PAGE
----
Our objective is to establish a worldwide service network, either directly or through IGOs, but to date we have been unable to do so in certain areas of the world, and we may not succeed in doing so in the future. We have been unable to finance our own gateways or to find capable IGOs for several important regions and countries, including Southern Africa, India, China, and certain parts of Southeast Asia. In addition to the lack of global service availability, cost-effective roaming is not yet available in certain countries because the IGOs have been unable to reach business arrangements with one another. Further, our IGO's could fail to perform as expected or cease business operations. This could reduce overall demand for our products and services and undermine our value for potential users who require service in these areas. 
Not all of the IGOs have been successful and, in some regions, they have not initiated service or sold as much usage as originally anticipated. Some of the IGOs are not earning revenues sufficient to fund their operating costs due to the operational issues we experienced with our first-generation satellites. Although we expect these IGOs to return to profitability with the return of our Duplex service, if they are unable to continue in business, we will lose the revenue we receive for selling equipment to them and providing services to their customers. Although we have implemented a strategy for the acquisition of certain IGOs when circumstances permit, we may not be able to continue to implement this strategy on favorable terms and may not be able to realize the additional efficiencies that we anticipate from this strategy. In some regions it is impracticable to acquire the IGOs either because local regulatory requirements or business or cultural norms do not permit an acquisition, because the expected revenue

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increase from an acquisition would be insufficient to justify the transaction, or because the IGO will not sell at a price acceptable to us. In those regions, our revenue and profits may be adversely affected if those IGOs do not fulfill their own business plans to increase substantially their sales of services and products.
We rely on a limited number of key vendors for timely supply of equipment and services. If our key vendors fail to provide equipment and services to us, we may face difficulties in finding alternative sources and may not be able to operate our business successfully.
 We have a limited quantity of our Duplex handsets remaining in inventory and have not contracted with a manufacturer to produce additional inventory. We have depended on Qualcomm as the exclusive manufacturer of phones using the IS 41 CDMA North American standard, which incorporates Qualcomm proprietary technology. This contract was canceled in March 2013. Although we have contracted with Hughes and Ericsson to provide new hardware and software for our ground component, there could be a substantial period of time in which their products or services are not available and Qualcomm no longer supports our products and services.
 Additionally, we depend on our contract manufacturers to provide us with our SPOT/Simplex inventory. If these manufacturers do not take on future orders or fail to perform under our current contracts, we may be unable to continue to produce and sell our inventory to customers at a reasonable cost to us or there may be delays in production and sales.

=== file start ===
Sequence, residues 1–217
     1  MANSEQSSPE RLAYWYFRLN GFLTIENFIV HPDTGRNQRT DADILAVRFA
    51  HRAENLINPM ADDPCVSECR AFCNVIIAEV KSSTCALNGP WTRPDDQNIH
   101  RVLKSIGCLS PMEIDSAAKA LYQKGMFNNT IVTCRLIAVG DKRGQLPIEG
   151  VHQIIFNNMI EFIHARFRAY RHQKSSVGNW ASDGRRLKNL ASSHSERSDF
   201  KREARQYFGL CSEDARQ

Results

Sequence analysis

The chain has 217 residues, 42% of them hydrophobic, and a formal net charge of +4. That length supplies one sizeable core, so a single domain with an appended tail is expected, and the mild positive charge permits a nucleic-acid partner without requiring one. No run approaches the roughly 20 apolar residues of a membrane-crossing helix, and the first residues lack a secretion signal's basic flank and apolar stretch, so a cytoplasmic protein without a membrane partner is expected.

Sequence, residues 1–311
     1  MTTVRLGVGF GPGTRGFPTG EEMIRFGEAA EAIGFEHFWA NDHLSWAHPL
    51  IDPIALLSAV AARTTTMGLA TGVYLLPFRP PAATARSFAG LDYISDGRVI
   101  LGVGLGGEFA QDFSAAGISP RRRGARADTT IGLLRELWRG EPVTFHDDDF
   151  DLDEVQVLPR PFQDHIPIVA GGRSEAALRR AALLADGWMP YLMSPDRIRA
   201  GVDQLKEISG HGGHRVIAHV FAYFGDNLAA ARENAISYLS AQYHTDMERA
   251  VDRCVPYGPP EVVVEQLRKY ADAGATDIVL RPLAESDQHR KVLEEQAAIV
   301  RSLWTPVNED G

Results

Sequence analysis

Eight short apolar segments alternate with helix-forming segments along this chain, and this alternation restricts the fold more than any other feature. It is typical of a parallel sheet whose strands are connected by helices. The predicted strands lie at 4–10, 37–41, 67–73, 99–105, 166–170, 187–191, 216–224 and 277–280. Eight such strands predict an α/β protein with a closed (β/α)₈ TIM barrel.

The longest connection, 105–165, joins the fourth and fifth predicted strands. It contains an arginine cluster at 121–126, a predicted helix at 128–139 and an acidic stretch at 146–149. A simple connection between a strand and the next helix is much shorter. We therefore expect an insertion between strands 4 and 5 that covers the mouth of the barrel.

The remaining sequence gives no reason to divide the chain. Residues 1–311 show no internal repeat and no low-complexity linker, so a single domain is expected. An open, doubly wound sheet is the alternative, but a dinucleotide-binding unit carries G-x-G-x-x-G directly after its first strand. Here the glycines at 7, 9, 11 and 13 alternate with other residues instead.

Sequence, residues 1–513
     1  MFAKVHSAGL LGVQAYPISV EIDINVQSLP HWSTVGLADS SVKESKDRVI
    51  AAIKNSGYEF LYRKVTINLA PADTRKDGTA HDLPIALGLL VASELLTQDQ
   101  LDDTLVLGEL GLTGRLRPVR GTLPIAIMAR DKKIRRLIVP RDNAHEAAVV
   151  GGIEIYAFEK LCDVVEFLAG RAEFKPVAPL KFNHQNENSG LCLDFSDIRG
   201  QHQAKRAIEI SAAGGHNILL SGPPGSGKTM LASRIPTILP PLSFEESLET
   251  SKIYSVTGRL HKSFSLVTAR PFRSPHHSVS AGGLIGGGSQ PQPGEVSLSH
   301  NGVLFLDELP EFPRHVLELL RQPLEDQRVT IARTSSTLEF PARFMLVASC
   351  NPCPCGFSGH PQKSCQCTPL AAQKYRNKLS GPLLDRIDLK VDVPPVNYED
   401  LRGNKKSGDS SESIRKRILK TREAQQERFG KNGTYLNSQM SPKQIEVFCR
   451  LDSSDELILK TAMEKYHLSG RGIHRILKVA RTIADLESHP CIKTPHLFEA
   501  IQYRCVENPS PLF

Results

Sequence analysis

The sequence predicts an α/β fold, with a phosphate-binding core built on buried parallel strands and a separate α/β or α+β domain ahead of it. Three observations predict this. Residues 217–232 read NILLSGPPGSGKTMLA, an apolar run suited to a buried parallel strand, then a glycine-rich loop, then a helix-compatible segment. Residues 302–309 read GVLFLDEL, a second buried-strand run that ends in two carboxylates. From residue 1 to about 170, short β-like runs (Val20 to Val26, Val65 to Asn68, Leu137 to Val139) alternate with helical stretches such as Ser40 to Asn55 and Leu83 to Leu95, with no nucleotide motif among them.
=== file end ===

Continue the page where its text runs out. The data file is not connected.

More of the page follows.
Lack of availability of electronic components from the electronics industry, as needed in our retail products, our gateways, and our satellites, could delay or adversely impact our operations.
 We rely upon the availability of components, materials and component parts from the electronics industry. The electronics industry is subject to occasional shortages in parts availability depending on fluctuations in supply and demand. Industry shortages may result in delayed shipments of materials, or increased prices, or both. As a consequence, elements of our operation which use electronic parts, such as our retail products, our gateways and our satellites, could be subject to delays or cost increases, or both.
We face special risks by doing business in developing markets, including currency and expropriation risks, which could increase our costs or reduce our revenues in these areas.
 Although our most economically important geographic markets currently are the United States and Canada, we have substantial markets for our mobile satellite services in, and our business plan includes, developing countries or regions that are underserved by existing telecommunications systems, such as rural Venezuela, Brazil, Central America and Africa. Developing countries are more likely than industrialized countries to experience market, currency and interest rate fluctuations and may have higher inflation. In addition, these countries present risks relating to government policy, price, wage and exchange controls, social instability, expropriation and other adverse economic, political and diplomatic conditions.
Conducting operations outside the United States involves numerous special risks and, while expanding our international operations would advance our growth, it would also increase these risks. These include, but are not limited to:
difficulties in penetrating new markets due to established and entrenched competitors;
difficulties in developing products and services that are tailored to the needs of local customers;
lack of local acceptance or knowledge of our products and services;
lack of recognition of our products and services;